An Agora at Drury: Wrestling with Kierkegaard

Each semester, Drury University’s Department of Philosophy and Religion hosts a “Single Author” course in which students, faculty, staff, and members of the Springfield community come together to study and discuss the ideas of an influential philosopher or writer. The group meets every Monday at noon in Olin Library to enjoy complimentary refreshments and reflect together on the week’s reading. The format of the class is inspired by the ancient Greek agora, a space in which the public could gather and openly discuss important ideas. As such, it is entirely based on reading and conversation; students taking the one-credit class are not required to submit any papers or take any exams. The goal of the course is to come to a comprehensive understanding of these complex ideas and contemplate the impact they ought to have on your life, not to show your ability to remember and reproduce sets of facts.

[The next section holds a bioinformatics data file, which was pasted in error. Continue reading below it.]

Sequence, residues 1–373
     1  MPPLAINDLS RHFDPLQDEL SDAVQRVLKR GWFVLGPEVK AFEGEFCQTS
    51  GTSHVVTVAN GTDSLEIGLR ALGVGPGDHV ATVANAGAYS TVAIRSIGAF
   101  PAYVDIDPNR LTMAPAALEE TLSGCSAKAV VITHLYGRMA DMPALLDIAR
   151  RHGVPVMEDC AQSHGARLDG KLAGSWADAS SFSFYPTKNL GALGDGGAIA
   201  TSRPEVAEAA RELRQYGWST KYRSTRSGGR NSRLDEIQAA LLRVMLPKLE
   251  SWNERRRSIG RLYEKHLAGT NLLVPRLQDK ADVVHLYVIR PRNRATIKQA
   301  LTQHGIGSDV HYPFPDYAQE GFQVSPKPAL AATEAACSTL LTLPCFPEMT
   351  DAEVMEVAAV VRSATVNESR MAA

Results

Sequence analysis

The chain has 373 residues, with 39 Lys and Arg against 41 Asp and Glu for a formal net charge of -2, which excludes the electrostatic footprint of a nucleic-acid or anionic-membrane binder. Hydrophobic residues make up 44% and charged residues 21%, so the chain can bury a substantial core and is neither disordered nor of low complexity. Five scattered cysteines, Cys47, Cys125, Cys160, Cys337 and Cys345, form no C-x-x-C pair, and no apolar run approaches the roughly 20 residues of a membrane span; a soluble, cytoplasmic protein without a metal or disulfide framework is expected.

This semester, we are reading selected works from Søren Kierkegaard, the 19th-century Danish philosopher and author who is often considered the earliest existentialist philosopher. Kierkegaard was arguably not an existentialist himself — he considered himself a devout Christian in a world of hollow religious institutions and engaged in a theological project quite distinct from later existentialist thinkers — but he was certainly the first to engage philosophically with some of the central themes of existentialism. He is known for his assertion that the real experience of the individual is more important than abstract reason in determining the proper course for our lives, and stressed the importance of living to become more fully ourselves. He is also known for his investigation into aspects of human experience which are incredibly unpleasant, namely anxiety and despair, which he thinks are unavoidable for anyone trying to become an authentic individual.